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Semiconductor

A semiconductor is a material which has electrical conductivity between that of a metal and an insulator. Semiconductors have a number of unique properties. They can change the conductivity by the addition of impurities (doping) or by the application of electric fields or light. This ability makes semiconductors very useful for devices that amplify, switch or convert electrical energy. The study of semiconductors and their properties relies on quantum physics to explain the motion of electrons inside a lattice of atoms.

Semiconductors are the foundation of modern solid state electronics. This includes radios, computers and telephones. Semiconductor-based electronic components include transistors, solar cells, light-emitting diodes and digital and analog integrated circuits. The increase in understanding of semiconductor materials has allowed the continuing increase in the complexity and speed of semiconductor devices.

A pure semiconductor is a poor electrical conductor as a consequence of having just the right number of electrons to completely fill its valence bonds. Through different techniques, the semiconductor can be modified to have excess of electrons or a deficiency of electrons. In both cases the semiconductor will become more conductive.

When the semiconductors are doped they join to metals, different semiconductors, and to the same semiconductor with different doping. The result of this junction often strips the electron excess or deficiency out from the semiconductor near the junction. The depletion region is rectifying and used to further shape electrical currents in semiconductor devices.

Electrons can be excited across the energy band gap of a semiconductor by various methods. These electrons carry their excess energy over a distance before dissipating their energy into heat. This effect is essential to the operation of bipolar junction transistors.

Electrons in semiconductors will absorb light and retain the energy from the light for a long enough time to be useful for producing electrical work instead of heat. This effect is used in the photovoltaic cell. Semiconductors can use thermoelectric generators to convert temperature differences into electrical power and vice versa. Peltier coolers use semiconductors for this reason.

Analysis of unbiased PN junction and physics

see attachment please please, please, please I need help to solve this Q I solved parts a,b, and c still need help in other parts the reference book I am using ( the physics of solar cell (nelson) ) Ch6 Here is some website can help http://ecee.colorado.edu/~bart/book/book/chapter4/ch4_3.htm http://my.ece.msstat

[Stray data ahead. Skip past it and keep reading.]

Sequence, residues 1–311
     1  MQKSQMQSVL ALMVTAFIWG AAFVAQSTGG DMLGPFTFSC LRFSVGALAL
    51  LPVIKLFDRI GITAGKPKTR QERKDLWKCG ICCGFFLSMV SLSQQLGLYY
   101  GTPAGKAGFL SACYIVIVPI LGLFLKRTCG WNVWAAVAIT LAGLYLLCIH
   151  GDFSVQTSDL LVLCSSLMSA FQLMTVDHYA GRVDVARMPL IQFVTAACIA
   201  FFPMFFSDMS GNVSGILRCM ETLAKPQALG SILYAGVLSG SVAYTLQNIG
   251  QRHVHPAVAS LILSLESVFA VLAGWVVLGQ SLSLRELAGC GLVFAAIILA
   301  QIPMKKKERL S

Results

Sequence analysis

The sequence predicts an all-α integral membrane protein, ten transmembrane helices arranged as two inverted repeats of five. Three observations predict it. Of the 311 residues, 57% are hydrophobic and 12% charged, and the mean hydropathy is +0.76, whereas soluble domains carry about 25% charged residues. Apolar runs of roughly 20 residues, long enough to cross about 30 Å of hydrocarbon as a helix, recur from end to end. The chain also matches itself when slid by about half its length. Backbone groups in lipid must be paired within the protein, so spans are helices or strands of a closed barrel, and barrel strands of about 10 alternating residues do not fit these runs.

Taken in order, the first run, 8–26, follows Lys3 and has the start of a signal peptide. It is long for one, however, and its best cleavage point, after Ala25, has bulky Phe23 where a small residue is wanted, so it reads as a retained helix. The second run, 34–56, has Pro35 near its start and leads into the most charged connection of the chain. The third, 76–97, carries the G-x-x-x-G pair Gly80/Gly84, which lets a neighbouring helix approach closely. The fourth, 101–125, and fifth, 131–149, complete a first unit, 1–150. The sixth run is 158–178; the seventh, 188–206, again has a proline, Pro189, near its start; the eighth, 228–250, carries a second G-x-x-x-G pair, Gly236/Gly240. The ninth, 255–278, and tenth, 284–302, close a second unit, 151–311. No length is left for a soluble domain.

Estimate of power output of crystalline Si Boule photovoltaic

You have a 150 mm diameter boule of Si that is 1 meter long. What is the electrical power output you might expect to achieve if this material were made into solar cells - explain all assumptions. Most silicon monocrystals are grown by the Czochralski process into ingots of up to 2 meters in length and weighing several hundred

Plot of the Fermi distribution function for different temperatures

plot the fermi distribution function at 200,300 and 400k(all on grah) and discuss the results in comparison to question 4. http://lyle.smu.edu/ee/smuphotonics/Gain/CoursePresentationFall03/CarrierConcentration_0822.pdf http://ecee.colorado.edu/~bart/book/distrib.htm (2.4.3) these webs may help to plot the Fermi Function

Physics: Batteries, Resistance and Current; Resistance in a Wire

Batteries, Resistance and Current Prelab: 1. What is the resistivity () of a resistor? What characteristics of a resistor affect the resistivity? Write a formula for this relationship, label each variable and indicate the units used to measure each. Would resistivity be constant for a specific resistor? 2.

Current Electricity: A rod with variable resistivity.

The resistivity of a semiconductor can be modified by adding different amounts of impurities. A rod of semiconducting material of length L and cross-sectional area A lies along the x-axis between x=0 and x=L. The material obeys Ohm's law, and its resistivity varies along the rod according to p(x)= p0exp(-x/L). The end of the rod

Non-Ohmic Device: Algebra-based physics

Please give an example of a non-ohmic device BESIDES A LIGHT BULB. Explain what this non-ohmic device is. Explain what makes this non-ohmic device work. Explain why it is non-ohmic. Please list something you found interesting about the non-ohmic device you picked. Also, please list one question you have about the non-

Semiconductor Light Detectors

A p-n photodiode acts as a photocell, the circuit is shown in this document. Outline the band profile of the diode for infinitely large RL for different levels of illumination.

Flatband and threshold voltages

An Al-silicon dioxide-silicon MOS capacitor has an oxide thickness of 450Angstroms and a doping of Na=10^15 cm^-3. The oxide charge density is Q'ss=3x10^11cm^-2. Calculate (a) the flat-band voltage and (b) the threshold voltage. Sketch the electric field through the structure at the onset of inversion.